Who is on the BBC Question Time panel tonight?

PUBLISHED: 13:25 07 February 2019 | UPDATED: 16:01 07 February 2019

Fiona Bruce, presenter of the BBC's Question Time

Fiona Bruce, presenter of the BBC's Question Time

BBC

Who is on Question Time tonight and where do they stand on Brexit? Here's your guide...

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The BBC’s flagship current affairs programme tonight comes from Motherwell. Will Fiona Bruce continue David Dimbleby’s tradition of going to Scotland and upsetting everybody on Twitter by failing to understand which areas of policy are devolved? And which panellist will go down about as well as Russ Abbot at a cèilidh? Here’s who’s on the panel and where they stand on Brexit...

Michael Forsyth

Who? Conservative peer

Where is he on Brexit? Hardline Brexiteer

Scottish secretary during the fag-end years of John Major’s premiership, Forsyth’s most recent QT appearance last January saw him hand a £10 note to Dimbleby in an impenetrable attempt to explain the EU’s finances (a move described by the Daily Express’ Matt Drake as “brilliant”). A firm Thatcherite first elected to Parliament in 1983, Forsyth has described anything less than a hard Brexit as “a constitutional outrage”. The chair of the House of Lords’ economic affairs committee, he has claimed that he was fired up as a young boy in Arbroath by witnessing the impact of the Common Fisheries Policy. Hmm. Was the inspiration for Alan Cummings’ portrayal of King James I in a recent episode of Doctor Who as one of those politicians “who are from Scotland but who try to pretend they’re from England with this strange hybrid of accents”.

Anneliese Dodds

Who? Well, quite. Shadow Treasury minister

Where is she on Brexit? Initially woolly but now on board for a second referendum

A university lecturer and MEP elected to Parliament in 2017, Dodds served 25 days on the backbenches before being promoted to Jeremy Corbyn’s shadow team, where she vies for the hotly-contested title of shortest Wikipedia entry (281 words, 120 less than little-remembered 1980s comedy band The Grumbleweeds). A Yvette Cooper supporter in 2015 who swiftly transferred her loyalty and politics to Team Jez, she said on Any Questions last month: “Well I guess I’m anti-Brexit. Well no, not guess, I am anti-Brexit. I didn’t think to start with that we should have another vote but the way things have gone I think now we should.” Expect more fiery rhetoric like that tonight. Despite her personal website boasting she has spoken no less than 59 times on the need for a customs union, she came 43rd on Labour List’s poll of best Labour MPs this week with 0.3% of the vote.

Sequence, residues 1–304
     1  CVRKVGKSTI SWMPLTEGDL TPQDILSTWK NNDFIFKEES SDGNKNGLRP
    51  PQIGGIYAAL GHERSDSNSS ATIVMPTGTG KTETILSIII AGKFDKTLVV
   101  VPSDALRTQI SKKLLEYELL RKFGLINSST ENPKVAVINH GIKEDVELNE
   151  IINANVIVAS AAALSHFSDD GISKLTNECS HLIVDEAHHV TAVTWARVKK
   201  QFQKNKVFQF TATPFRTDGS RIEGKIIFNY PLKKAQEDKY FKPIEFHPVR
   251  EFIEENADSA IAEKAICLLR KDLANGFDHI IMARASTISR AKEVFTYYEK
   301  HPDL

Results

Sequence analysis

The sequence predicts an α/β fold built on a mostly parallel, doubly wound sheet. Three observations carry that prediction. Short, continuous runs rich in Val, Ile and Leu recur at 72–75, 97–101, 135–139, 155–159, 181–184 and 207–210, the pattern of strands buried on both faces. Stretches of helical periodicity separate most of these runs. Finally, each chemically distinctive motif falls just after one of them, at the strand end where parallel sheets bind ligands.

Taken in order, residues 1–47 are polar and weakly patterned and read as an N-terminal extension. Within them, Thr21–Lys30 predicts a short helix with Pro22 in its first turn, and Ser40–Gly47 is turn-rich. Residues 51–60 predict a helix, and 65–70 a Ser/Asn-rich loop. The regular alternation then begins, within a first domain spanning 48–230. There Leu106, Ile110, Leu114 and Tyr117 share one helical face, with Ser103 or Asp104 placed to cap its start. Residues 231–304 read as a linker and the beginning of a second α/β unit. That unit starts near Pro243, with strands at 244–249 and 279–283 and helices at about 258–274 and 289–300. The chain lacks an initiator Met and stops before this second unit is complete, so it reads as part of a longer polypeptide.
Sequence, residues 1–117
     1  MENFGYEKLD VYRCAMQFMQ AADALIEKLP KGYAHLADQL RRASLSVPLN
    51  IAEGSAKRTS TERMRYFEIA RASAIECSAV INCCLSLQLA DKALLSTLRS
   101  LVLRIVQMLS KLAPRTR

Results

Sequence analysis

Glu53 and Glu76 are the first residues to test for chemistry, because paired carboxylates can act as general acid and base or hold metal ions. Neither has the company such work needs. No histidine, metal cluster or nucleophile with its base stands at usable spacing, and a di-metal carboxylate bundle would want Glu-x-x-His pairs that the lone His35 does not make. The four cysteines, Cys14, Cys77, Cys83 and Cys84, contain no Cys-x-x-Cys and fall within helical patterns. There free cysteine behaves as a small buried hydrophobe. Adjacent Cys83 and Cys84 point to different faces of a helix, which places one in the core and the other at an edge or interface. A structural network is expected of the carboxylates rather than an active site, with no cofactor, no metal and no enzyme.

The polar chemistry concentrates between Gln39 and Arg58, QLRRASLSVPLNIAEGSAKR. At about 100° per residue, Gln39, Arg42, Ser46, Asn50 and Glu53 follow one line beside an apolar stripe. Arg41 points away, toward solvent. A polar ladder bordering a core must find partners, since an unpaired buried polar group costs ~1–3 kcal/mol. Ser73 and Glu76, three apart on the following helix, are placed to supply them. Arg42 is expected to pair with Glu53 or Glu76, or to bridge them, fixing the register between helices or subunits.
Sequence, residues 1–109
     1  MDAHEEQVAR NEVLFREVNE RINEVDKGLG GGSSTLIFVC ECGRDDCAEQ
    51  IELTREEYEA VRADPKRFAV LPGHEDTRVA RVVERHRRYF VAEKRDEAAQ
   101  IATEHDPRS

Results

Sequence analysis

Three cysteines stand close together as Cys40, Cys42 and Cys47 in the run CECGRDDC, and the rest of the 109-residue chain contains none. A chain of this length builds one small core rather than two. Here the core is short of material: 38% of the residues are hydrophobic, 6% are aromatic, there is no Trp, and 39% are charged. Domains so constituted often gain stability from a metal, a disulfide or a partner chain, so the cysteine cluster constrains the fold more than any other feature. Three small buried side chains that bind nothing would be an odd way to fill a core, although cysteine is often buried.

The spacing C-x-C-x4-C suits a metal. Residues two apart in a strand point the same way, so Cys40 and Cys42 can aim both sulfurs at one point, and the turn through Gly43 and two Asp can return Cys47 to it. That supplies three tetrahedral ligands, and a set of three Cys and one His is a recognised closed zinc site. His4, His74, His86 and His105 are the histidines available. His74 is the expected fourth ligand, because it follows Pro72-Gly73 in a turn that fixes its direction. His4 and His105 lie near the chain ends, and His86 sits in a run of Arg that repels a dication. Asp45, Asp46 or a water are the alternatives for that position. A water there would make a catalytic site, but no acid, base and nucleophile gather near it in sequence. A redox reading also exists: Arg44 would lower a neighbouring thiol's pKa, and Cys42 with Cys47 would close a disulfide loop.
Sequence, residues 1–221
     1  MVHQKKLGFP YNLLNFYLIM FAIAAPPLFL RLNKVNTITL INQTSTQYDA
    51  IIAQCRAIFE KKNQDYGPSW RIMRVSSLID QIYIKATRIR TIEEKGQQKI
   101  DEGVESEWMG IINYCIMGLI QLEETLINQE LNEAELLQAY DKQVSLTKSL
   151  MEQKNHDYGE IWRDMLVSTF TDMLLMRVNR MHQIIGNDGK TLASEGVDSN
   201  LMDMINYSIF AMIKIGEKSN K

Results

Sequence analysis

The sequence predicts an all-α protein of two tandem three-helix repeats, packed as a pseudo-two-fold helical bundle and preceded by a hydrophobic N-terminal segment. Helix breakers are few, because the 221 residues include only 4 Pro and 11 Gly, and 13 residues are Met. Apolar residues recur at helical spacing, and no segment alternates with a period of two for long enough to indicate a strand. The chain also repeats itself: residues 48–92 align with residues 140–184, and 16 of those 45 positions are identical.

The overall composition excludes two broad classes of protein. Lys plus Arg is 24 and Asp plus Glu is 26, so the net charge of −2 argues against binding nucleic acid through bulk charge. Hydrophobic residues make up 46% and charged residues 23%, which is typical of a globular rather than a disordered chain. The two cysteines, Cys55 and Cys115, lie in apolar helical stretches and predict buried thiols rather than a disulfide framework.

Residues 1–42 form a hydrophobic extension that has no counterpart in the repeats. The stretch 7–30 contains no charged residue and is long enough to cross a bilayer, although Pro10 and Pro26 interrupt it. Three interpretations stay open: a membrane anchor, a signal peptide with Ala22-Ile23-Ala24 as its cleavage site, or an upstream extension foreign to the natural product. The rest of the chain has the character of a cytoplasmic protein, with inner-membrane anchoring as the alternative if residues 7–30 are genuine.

Fiona Hyslop

Who? Culture, tourism and external affairs secretary in the Scottish Government

Where is she on Brexit? Like the rest of her party, firmly anti. Has said: “It is clearly in Scotland’s best interests to stay in the EU or, if that is not possible, the European single market and customs union”

The SNP’s cabinet secretary for culture, tourism and external affairs since 2011, Hyslop is one of the leading anti-Brexit voices in the Scottish Government. Has said that leaving the EU and ending freedom of movement could cost Scotland £2bn in tax revenues and that “the Scottish Government should have devolved responsibility for migration so we can have a migration policy tailored to Scotland’s needs”. Also says: “Whatever the future holds, we will remain hugely interested and involved in European developments whether within the European Union or outside.” Staged a Lazarus-like comeback after being demoted as education secretary in 2009 after coming under sustained attack on falling teacher numbers, class sizes and school buildings. Said yesterday’s “special place in Hell” comments from Donald Tusk were “brutal but true”.

Eunice Olumide

Who? Fashion model and actress

Where is she on Brexit? Unknown

The Edinburgh-born daughter of Nigerian parents, Olumide was first spotted as a potential model when shopping on Glasgow’s Sauchiehall Street at the age of 15. Which is a bit weird. But then took a break to get a first-class honours degree in communication and mass media, a postgraduate degree in film studies and a MA in metaphysics. Awarded an MBE in 2017 for her extensive charity work mentoring young Scots. Says: “When I was in my early 20s, I don’t think the UK was quite ready to embrace someone with my aesthetic. But you’ve seen a huge rise right across the arts, particularly in film with Idris Elba, Adam Deacon, Noel Clarke. I do feel this is the right time for someone like me.” Let’s stick our neck and says she’s not going to be a fully paid-up member of the Peter Bone Appreciation Society.

Hugo Rifkind

Who? Times journalist

Where is he on Brexit? Remainer. Has said the vote unleashed “viciousness, divisiveness and xenophobia for political ends”

One of those centrist dads you hear about, the son of former cabinet minister Malcolm Rifkind made international news over Christmas after tweeting a lengthy thread on how “the best way to understand Theresa May’s predicament is to imagine that 52 percent of Britain had voted that the government should build a submarine out of cheese”. A Scot, Rifkind has written that Brexit “dreams of English independence from the EU but seems to forget that England is inconveniently shackled onto a whole bunch of other places”. Wrote movingly this week of his friendship with the late comedian and left-wing activist Jeremy Hardy and how people could get along with those they disagree with - something the denizens of Twitter will ruminate on for precisely three seconds before labelling him MURDOCK TORY SCUM.

Question Time is on BBC One at 10.45pm tonight (11.20pm in Northern Ireland)

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